The >800 human G protein-coupled receptors (GPCRs) are responsible for transducing diverse chemical stimuli to alter cell state- and are the largest class of drug targets. Their myriad structural conformations and various modes of signaling make it challenging to understand their structure and function. Here, we developed a platform to characterize large libraries of GPCR variants in human cell lines with a barcoded transcriptional reporter of G protein signal transduction. We tested 7800 of 7828 possible single amino acid substitutions to the beta-2 adrenergic receptor (β2AR) at four concentrations of the agonist isoproterenol. We identified residues specifically important for β2AR signaling, mutations in the human population that are potentially loss of function, and residues that modulate basal activity. Using unsupervised learning, we identify residues critical for signaling, including all major structural motifs and molecular interfaces. We also find a previously uncharacterized structural latch spanning the first two extracellular loops that is highly conserved across Class A GPCRs and is conformationally rigid in both the inactive and active states of the receptor. More broadly, by linking deep mutational scanning with engineered transcriptional reporters, we establish a generalizable method for exploring pharmacogenomics, structure and function across broad classes of drug receptors.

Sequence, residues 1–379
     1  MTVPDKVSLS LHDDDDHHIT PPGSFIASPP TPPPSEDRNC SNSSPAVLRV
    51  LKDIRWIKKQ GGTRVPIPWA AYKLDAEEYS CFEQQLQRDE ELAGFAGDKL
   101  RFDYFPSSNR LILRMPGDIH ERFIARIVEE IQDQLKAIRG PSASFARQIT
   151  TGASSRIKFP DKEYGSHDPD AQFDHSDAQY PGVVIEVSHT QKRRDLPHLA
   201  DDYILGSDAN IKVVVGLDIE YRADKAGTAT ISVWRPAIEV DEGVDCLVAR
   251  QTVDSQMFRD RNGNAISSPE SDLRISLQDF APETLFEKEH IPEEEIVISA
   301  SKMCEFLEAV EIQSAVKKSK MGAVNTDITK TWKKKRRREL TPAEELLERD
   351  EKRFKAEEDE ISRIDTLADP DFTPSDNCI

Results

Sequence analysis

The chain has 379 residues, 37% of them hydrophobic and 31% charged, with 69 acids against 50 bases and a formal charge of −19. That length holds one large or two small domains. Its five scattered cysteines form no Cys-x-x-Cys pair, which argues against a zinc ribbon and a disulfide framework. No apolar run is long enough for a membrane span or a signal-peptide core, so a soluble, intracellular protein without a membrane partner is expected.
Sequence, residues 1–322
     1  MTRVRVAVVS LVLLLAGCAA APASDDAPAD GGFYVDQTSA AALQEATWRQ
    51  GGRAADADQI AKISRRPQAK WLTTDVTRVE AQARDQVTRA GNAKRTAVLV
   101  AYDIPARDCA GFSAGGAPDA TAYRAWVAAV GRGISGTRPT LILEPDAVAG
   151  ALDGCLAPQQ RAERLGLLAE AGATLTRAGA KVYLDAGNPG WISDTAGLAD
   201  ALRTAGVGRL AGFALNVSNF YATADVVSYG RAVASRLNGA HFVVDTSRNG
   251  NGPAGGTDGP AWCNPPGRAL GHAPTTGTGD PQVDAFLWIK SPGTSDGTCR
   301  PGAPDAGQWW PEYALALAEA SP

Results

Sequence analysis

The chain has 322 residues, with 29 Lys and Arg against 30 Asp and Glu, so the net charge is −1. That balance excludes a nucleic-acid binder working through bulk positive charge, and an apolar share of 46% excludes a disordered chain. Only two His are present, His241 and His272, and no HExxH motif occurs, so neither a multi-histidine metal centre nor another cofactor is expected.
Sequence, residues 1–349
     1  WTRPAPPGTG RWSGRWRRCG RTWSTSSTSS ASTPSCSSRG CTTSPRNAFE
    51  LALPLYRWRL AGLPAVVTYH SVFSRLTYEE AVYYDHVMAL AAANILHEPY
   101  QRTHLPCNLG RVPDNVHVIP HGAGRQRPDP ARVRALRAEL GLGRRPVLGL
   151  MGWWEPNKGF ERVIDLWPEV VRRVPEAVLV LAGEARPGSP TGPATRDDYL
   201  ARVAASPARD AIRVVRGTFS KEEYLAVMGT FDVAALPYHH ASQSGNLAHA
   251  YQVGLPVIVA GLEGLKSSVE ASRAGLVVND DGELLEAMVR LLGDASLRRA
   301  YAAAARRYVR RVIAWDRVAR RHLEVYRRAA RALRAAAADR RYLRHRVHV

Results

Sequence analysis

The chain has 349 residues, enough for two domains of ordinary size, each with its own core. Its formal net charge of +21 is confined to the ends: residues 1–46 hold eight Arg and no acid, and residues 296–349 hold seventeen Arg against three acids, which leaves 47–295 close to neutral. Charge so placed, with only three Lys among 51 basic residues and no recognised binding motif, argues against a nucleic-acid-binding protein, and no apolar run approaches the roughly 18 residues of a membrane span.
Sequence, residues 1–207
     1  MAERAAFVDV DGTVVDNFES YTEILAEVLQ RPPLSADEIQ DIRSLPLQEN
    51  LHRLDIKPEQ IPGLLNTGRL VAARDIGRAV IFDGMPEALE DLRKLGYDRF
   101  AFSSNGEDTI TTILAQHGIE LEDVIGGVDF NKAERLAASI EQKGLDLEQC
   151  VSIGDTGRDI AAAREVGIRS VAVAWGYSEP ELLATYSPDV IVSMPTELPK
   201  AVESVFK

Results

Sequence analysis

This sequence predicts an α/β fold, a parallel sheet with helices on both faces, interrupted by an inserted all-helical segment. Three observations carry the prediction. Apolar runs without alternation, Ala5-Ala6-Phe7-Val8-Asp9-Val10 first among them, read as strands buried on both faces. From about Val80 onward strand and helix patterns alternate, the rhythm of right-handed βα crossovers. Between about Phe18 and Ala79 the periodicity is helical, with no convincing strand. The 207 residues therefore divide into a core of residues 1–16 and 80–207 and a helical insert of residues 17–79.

Keywords: biochemistry; cell signaling; chemical biology; coupled receptors; deep mutational scanning; functional genomics; g protein; human; massively parallel; reporter assays; structure function.
© 2020, Jones et al.